Finally, let’s talk about technology. I set up a Dropbox for the seniors to access all of the recordings of rehearsals. Its implementation was a trial in patience. A large number of seniors had difficulty with it. This isn’t news to anyone who has worked with older adults, or anyone who has helped their mom or grandma learn how to use a smartphone or tablet. That being said, the impact was definite and positive once the Dropbox was set up. Many students, however, used their own phones or voice recorders to avoid having to delve through the internet to get the recordings. Having noticed that, I would say my advice with using technology in class is this: be clear with what goal you want technology to achieve in your classroom, and give your students as much freedom as possible in individually fulfilling that goal. Be prepared to deal with the learning curve. And (if possible) don’t force your seniors to do something one way if they have another way that works better for them.


I didn’t intend on writing an essay. Sorry! Truth be told, while I’m rereading what I’ve written, I can safely say that much of this advice will apply to any students you or I teach, and that effective teaching methods are often effective regardless of the students you are teaching. However, good teachers will ferret out the tricks and strategies to be most effective in imparting their knowledge to the specific students they have. I can only hope that this post helps those who teach aging adults in their efforts to discover what works best for them and their students.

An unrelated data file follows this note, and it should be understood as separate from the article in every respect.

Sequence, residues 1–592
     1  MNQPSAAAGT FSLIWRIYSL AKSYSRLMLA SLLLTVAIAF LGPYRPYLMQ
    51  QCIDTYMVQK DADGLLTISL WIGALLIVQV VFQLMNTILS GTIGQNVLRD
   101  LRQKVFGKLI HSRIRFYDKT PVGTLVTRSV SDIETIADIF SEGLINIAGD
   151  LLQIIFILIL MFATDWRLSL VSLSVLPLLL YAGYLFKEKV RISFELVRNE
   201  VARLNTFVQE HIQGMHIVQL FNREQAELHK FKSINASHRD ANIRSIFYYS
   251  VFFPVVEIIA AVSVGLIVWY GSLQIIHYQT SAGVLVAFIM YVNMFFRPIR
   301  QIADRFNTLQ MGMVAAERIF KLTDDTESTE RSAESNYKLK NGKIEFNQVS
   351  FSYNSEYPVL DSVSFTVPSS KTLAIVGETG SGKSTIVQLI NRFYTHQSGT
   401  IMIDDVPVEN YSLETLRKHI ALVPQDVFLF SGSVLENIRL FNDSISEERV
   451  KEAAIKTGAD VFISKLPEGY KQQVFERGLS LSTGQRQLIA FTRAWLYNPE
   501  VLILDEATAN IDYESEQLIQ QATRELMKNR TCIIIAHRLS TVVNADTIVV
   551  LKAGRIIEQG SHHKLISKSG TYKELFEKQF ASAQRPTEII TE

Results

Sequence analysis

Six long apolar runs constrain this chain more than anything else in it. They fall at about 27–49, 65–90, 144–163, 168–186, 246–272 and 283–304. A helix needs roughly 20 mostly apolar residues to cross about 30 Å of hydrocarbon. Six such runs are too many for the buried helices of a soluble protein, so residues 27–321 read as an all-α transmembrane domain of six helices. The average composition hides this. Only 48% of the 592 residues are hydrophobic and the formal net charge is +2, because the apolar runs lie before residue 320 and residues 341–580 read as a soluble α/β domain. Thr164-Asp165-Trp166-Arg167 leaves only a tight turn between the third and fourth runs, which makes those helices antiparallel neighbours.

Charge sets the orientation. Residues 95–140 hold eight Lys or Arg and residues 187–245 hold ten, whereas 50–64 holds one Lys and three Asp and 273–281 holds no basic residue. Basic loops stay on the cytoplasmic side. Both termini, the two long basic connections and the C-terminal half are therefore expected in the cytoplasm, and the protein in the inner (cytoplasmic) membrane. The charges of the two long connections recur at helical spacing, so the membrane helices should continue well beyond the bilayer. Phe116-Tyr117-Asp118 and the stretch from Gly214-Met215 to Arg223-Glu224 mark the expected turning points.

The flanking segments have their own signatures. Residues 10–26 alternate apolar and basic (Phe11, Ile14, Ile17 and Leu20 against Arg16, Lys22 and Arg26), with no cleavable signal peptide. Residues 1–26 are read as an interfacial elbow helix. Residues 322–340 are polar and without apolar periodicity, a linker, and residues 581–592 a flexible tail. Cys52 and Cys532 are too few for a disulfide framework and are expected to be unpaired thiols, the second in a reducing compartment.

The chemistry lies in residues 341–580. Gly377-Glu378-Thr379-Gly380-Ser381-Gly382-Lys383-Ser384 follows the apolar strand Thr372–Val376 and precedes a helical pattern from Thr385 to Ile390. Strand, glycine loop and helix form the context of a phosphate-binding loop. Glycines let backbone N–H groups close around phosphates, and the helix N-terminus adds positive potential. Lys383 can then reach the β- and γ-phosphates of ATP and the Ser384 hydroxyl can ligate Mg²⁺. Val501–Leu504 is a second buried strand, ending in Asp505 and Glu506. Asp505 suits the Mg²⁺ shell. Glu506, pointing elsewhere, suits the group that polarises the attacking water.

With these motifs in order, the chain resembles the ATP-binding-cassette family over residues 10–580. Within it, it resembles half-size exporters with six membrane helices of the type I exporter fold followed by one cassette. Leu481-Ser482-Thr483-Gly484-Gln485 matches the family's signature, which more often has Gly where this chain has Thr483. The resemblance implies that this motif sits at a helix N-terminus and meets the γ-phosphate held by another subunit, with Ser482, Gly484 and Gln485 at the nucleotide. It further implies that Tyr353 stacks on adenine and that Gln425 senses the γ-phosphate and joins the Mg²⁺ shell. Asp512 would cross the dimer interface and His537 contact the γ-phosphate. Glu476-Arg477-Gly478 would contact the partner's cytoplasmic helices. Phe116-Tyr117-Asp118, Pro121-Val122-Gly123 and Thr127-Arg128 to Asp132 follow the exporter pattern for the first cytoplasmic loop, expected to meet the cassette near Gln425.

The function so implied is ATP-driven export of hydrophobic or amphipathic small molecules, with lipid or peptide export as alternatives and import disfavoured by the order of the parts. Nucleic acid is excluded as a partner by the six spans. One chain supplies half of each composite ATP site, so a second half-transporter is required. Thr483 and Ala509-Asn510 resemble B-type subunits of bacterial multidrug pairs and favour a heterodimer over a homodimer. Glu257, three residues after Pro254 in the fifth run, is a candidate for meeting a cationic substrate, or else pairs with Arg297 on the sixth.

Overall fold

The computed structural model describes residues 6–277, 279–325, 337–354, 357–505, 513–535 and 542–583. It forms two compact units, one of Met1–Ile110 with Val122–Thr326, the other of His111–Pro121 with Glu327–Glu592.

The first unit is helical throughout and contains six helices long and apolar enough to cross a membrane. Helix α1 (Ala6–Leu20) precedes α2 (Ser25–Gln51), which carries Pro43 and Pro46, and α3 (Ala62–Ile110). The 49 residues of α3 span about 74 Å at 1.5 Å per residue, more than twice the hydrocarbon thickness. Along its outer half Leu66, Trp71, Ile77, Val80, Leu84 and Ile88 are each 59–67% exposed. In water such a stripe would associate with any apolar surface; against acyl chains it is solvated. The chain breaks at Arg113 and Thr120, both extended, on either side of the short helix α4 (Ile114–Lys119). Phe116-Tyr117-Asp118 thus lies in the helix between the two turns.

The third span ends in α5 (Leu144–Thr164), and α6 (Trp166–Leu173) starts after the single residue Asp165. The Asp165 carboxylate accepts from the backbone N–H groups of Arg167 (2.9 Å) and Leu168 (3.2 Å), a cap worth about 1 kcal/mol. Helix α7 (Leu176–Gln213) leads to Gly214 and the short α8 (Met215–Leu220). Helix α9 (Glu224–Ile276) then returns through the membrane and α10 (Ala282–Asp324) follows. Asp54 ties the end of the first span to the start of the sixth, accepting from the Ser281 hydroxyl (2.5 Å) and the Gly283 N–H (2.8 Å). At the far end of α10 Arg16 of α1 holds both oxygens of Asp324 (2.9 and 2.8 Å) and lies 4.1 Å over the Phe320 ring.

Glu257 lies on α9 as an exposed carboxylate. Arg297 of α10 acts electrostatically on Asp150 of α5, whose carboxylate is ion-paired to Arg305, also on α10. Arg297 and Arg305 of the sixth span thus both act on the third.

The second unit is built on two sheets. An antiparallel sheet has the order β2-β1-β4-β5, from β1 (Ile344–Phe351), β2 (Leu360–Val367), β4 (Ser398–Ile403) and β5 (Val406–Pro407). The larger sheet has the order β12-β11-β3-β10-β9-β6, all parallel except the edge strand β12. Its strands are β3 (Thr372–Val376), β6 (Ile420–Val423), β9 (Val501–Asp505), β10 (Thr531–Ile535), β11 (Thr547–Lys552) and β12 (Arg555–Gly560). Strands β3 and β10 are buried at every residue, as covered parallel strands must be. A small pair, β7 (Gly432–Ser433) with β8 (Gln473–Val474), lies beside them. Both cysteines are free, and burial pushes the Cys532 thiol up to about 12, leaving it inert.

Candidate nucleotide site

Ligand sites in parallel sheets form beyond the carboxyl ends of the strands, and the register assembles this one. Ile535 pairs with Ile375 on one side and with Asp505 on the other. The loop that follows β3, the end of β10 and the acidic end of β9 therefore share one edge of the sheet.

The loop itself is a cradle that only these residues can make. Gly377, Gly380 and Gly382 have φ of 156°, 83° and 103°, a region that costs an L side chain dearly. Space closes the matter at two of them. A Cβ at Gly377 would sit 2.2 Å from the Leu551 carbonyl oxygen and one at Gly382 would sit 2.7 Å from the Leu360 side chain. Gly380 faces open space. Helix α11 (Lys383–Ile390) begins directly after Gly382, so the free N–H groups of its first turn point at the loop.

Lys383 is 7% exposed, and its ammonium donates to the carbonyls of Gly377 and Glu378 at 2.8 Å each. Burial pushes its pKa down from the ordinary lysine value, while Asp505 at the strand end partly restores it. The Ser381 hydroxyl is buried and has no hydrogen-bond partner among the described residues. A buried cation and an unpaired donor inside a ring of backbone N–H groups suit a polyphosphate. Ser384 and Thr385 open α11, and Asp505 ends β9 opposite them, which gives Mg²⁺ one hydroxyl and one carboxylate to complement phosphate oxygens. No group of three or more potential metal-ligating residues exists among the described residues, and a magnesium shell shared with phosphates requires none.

Please leave me comments and questions! I’d love to talk more about it and to hear other people’s input. Thanks for taking the time to read!




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Women in Music: what’s going on?

For my inaugural post, I thought it best to write about something that puts me dangerously close to being labeled a misogynistic bastard. When you’re a straight, white male, you can never be too careful when writing opinions about… well, anybody who’s not a straight, white male. C’est la vie.

But here we are, talking about women in music. What are they good for? We’ve had plenty of (purportedly) straight, white males to fill the roles of the musicians, and conductors, and composers, and critics, and choreographers, and patrons…